The Role of Electronic Medical Records in Mitigating Malpractice Claims

The medical record of a patient serves as both a comprehensive record of their health and care, as well as a legal document that provides the best defense against malpractice claims. Proper documentation is essential in proving whether appropriate care was provided. Over the past decade, there has been a significant increase in malpractice claims, and doctors and healthcare providers must protect themselves by ensuring they are covered by insurance and have proper documentation. Negligence on the part of the doctor can easily be proven in the absence of good documentation, which may have been lost or stolen.
To minimize the risk of medical errors, adverse patient outcomes, and medical liability, it is crucial to maintain accurate, complete, relevant, and up-to-date patient documentation, regardless of whether it is paper-based or electronic. Best practices include avoiding cut-and-paste practices that may result in mixed or contradictory messaging, refraining from making unsolicited comments, using standardized formats, and double-checking information before finalizing a chart entry. Any alterations made to the record must be documented, timestamped, and signed, and attached documents, such as diagrams, laboratory results, photographs, and charts, must always be labeled.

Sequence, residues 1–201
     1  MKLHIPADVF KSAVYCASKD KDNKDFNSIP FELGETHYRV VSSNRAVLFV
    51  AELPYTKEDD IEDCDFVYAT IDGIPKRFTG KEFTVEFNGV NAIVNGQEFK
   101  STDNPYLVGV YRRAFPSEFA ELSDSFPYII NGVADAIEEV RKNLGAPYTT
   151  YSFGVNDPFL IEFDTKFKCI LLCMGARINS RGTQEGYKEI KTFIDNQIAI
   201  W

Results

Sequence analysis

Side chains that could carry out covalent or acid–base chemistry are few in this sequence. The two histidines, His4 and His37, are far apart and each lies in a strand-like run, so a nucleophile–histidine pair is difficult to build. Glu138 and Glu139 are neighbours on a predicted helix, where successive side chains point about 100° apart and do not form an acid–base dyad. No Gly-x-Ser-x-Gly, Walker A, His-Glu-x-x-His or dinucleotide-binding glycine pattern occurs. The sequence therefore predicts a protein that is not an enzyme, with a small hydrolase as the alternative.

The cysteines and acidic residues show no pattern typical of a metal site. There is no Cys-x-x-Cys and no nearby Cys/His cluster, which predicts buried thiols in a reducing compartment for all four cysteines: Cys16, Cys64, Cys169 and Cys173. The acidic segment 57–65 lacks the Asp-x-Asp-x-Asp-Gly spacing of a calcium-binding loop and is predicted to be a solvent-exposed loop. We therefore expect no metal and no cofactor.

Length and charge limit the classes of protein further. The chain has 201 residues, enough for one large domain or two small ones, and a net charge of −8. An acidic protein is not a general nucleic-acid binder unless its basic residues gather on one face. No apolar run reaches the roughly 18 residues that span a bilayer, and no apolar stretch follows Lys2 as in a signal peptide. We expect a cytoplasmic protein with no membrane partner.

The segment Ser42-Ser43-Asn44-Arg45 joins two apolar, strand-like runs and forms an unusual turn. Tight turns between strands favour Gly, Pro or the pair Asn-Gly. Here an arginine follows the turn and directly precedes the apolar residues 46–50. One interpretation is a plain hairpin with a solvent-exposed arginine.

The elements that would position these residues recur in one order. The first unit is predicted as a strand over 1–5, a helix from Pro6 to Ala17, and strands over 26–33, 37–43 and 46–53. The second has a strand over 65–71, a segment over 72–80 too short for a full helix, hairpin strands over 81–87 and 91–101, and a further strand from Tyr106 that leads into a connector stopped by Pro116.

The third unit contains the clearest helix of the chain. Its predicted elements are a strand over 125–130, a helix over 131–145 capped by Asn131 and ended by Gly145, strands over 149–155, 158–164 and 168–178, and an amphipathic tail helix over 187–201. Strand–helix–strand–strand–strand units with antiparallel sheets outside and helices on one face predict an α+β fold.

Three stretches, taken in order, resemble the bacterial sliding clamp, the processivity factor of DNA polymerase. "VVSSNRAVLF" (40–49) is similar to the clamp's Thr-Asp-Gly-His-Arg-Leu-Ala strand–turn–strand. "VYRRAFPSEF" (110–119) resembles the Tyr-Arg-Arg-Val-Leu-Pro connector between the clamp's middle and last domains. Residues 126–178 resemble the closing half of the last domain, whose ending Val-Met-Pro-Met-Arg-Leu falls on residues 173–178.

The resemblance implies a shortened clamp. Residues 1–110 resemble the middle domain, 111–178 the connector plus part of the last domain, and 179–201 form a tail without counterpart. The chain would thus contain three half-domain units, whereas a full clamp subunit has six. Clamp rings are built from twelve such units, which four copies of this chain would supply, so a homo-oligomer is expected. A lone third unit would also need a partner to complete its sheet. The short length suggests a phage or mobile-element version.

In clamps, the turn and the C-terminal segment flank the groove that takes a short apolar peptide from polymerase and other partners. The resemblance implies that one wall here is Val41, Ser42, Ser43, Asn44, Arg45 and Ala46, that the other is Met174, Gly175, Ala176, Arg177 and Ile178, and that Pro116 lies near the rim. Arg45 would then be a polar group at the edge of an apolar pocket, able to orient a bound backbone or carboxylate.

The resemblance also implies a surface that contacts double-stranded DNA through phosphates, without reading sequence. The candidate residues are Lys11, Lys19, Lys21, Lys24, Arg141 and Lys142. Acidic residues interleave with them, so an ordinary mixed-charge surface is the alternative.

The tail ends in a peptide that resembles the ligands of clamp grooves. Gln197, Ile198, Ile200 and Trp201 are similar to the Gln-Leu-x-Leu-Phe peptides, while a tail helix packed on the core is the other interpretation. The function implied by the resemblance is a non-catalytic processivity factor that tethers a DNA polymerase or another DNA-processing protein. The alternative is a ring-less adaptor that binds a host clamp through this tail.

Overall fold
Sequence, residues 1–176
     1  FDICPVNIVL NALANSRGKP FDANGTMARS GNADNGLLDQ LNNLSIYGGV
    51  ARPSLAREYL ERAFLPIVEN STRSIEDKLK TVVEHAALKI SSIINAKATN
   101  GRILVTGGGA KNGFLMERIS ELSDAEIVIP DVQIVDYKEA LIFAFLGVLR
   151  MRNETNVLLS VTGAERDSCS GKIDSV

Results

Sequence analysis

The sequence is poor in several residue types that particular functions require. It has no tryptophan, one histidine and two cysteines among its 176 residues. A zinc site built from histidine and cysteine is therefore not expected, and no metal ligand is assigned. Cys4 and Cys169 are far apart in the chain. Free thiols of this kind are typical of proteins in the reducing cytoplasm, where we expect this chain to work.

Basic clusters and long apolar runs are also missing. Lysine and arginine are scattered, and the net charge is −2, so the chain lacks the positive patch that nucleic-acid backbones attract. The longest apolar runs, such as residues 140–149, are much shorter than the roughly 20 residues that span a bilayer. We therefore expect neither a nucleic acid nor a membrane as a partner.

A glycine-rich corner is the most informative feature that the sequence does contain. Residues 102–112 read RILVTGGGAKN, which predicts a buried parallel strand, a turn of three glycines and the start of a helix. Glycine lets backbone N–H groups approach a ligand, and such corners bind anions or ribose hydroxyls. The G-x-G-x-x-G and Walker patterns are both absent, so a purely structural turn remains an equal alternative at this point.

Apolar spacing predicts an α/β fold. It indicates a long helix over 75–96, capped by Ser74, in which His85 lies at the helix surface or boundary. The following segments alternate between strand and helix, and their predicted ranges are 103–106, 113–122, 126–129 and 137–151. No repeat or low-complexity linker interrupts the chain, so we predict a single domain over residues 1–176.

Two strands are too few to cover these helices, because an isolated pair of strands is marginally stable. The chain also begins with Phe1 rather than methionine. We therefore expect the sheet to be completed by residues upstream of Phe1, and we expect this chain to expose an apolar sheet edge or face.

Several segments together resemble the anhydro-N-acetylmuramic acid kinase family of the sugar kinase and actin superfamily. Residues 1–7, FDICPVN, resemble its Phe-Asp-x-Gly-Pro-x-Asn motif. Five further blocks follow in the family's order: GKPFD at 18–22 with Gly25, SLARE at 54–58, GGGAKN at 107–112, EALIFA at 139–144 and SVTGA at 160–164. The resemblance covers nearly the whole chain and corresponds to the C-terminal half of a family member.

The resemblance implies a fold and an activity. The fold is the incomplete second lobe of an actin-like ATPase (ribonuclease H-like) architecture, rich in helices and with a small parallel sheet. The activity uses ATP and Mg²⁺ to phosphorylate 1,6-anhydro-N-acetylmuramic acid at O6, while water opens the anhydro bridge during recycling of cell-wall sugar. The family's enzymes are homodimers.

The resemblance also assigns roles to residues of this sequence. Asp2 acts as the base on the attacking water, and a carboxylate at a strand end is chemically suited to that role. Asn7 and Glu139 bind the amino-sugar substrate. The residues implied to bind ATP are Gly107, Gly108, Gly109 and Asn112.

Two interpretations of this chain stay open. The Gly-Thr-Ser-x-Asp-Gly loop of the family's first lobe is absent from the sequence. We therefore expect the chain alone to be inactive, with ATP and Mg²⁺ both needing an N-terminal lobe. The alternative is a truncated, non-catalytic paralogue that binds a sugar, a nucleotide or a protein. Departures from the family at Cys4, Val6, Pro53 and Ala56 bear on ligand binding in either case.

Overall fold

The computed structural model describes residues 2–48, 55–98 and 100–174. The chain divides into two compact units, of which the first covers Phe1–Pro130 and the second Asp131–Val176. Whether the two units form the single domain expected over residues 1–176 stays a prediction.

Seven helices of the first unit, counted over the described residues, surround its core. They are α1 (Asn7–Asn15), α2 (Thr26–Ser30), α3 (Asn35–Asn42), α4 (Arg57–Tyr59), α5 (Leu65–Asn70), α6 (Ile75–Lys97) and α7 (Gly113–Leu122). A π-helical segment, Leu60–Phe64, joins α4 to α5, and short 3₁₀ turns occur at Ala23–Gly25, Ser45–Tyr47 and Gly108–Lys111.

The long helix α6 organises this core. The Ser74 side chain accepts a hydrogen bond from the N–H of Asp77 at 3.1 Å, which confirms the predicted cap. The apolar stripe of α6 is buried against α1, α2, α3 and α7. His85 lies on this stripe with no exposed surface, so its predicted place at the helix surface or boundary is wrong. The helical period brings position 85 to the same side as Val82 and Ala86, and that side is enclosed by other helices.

Electronic Medical Health Records (EMRs) provide added benefits in reducing the risk of malpractice claims. EMRs timestamp all data inputted, making it clear when an action was taken, and maintain a record of deleted notes with the reason for removal from the patient timeline, preserving a patient’s file’s integrity. EMRs also standardize and organize data, enable communication with patients, and track file access, all of which are useful in minimizing the risk of malpractice.

Ultimately, proper documentation of patient care is essential, regardless of whether it is done electronically or on paper. Good documentation practices benefit both the patient and the healthcare provider and help keep doctors where they are needed, with their patients, and not in the courtroom. While EMRs provide added benefits, healthcare providers should ensure that their documentation effectively communicates with all parties who may need to review the information. It is essential to consult with professional advisors familiar with your particular situation before making any decisions.

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